for Eleanor Fraites
No danger signs prepare you: They drop
like bricks frozen in mid-air in unswept arcades.
You squint for their silken skeletons
by which their lives weave and hang.
Their blueprints nail stupid flies, easily
conned into impotent wrecking balls.
Sunlight strips their musty machinery naked,
constructed sites erected and abandoned.
Leaping off a scaffolding for the next is nothing:
Nimble muscles reel in their oops.
Catch yourself caught unawares by them,
hardhats bred for a life on the run. It’s spring.
This Way to the Acorns: Poems (The Tenth Anniversary Edition)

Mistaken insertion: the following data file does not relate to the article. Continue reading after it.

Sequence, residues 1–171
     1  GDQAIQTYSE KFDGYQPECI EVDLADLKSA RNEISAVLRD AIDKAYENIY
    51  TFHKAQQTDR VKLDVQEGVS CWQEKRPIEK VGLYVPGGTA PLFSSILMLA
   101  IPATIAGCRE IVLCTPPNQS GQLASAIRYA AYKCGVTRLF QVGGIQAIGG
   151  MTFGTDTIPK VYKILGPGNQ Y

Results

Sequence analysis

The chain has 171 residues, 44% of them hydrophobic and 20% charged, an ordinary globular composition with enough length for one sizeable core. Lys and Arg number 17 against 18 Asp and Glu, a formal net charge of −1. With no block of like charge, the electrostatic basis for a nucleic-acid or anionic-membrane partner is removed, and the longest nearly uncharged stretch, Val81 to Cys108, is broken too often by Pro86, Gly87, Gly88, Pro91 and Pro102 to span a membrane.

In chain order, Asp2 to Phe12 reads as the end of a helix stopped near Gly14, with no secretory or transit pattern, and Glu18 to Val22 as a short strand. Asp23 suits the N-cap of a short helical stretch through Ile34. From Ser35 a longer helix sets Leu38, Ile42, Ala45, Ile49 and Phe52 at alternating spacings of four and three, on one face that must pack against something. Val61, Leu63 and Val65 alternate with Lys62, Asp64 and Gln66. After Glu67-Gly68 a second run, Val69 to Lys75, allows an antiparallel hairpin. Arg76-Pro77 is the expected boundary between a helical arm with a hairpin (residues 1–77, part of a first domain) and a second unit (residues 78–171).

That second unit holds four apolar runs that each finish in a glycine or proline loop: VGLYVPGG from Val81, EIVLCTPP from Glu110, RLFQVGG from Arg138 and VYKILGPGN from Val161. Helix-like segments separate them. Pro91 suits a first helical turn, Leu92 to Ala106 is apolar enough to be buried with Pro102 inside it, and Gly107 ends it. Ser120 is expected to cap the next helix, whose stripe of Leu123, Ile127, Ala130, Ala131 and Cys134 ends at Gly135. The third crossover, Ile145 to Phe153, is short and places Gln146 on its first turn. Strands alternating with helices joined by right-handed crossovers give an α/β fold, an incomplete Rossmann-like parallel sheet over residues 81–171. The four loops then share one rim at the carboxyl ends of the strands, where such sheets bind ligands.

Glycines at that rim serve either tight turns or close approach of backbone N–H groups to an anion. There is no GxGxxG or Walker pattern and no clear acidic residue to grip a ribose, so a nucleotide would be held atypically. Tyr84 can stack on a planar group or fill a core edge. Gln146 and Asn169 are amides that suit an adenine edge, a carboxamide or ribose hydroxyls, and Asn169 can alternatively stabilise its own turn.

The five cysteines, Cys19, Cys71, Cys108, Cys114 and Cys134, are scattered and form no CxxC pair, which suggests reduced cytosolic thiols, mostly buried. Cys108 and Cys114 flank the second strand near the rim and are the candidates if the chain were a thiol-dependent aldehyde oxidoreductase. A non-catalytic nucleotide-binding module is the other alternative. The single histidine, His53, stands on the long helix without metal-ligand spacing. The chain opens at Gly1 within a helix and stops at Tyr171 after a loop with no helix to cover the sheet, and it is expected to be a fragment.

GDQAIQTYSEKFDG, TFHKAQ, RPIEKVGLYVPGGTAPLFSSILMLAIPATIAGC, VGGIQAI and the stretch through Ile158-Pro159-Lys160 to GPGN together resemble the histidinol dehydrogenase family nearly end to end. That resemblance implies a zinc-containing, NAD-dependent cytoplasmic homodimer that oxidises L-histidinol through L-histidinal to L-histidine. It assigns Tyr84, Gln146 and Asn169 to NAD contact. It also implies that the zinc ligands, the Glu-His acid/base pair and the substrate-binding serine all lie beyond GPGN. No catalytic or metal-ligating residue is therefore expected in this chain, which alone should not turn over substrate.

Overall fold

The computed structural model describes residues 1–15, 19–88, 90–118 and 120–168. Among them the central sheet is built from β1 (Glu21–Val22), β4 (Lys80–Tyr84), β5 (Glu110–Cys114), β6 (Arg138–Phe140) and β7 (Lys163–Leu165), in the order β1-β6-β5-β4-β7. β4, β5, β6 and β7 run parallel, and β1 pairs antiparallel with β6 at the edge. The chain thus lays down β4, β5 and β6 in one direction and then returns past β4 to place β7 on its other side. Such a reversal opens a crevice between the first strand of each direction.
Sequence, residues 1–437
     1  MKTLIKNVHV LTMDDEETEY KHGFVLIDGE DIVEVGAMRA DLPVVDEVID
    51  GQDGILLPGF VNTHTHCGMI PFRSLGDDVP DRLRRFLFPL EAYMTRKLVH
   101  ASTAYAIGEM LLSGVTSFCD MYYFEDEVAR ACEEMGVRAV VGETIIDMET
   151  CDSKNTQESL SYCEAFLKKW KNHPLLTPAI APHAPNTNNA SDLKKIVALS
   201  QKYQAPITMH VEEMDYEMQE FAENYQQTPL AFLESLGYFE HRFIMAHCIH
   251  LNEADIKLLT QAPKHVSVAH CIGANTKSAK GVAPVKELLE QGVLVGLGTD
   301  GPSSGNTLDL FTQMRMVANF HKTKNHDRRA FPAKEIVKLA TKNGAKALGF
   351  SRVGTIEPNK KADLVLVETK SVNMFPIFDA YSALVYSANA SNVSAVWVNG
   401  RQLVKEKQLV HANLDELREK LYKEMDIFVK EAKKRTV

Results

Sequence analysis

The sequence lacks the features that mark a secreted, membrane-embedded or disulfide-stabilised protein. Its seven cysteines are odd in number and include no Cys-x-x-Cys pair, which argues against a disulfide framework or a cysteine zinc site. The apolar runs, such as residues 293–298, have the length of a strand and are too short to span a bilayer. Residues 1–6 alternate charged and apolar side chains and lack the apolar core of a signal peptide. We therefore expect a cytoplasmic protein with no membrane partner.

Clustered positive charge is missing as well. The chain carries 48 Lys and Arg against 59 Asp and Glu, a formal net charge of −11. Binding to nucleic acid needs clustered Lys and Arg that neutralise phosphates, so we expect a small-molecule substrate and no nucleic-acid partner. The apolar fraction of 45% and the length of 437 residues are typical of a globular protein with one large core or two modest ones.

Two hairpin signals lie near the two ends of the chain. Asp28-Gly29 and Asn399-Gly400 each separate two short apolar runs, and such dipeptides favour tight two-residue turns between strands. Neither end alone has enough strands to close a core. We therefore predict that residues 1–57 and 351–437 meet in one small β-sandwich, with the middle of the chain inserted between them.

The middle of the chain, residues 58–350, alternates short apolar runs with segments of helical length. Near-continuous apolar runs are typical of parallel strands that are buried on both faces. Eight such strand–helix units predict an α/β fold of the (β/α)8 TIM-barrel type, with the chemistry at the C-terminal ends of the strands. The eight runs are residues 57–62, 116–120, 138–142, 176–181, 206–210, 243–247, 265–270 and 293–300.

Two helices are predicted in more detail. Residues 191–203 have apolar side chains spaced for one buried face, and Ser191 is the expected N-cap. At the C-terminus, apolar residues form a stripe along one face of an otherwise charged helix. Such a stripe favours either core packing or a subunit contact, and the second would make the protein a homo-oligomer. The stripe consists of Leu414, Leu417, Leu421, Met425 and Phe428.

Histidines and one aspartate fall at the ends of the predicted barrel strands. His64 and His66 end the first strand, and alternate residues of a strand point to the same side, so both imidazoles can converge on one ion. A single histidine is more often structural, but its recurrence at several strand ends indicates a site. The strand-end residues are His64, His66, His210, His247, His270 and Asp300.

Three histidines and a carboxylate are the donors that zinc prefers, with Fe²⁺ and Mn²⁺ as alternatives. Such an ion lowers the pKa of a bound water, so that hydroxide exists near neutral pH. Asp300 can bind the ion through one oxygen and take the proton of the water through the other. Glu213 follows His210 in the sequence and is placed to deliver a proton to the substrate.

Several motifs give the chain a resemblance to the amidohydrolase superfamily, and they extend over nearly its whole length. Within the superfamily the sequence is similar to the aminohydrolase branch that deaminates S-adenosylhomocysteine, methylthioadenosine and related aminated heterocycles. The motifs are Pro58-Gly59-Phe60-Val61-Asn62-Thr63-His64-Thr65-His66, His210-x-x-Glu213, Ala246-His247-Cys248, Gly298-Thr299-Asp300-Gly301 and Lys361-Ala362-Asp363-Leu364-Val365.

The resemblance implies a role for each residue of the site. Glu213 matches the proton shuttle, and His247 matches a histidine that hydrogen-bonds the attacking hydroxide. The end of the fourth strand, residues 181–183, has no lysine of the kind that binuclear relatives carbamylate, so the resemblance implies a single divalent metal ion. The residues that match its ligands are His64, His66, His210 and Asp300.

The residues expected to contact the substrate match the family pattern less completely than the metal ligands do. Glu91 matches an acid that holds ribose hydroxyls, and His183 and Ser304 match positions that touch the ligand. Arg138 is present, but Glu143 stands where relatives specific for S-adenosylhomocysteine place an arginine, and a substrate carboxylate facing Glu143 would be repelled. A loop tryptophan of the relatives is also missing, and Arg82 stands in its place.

As a boy growing up in Michigan’s Upper Peninsula, Raymond Luczak delighted in the mysterious attractions of nature in a huge expanse of abandoned woods and fields known as “across the street.” In This Way to the Acorns, he remembers encountering unexpected guests of the woods: a scraggly fox, a starving doe, an industrious chipmunk,…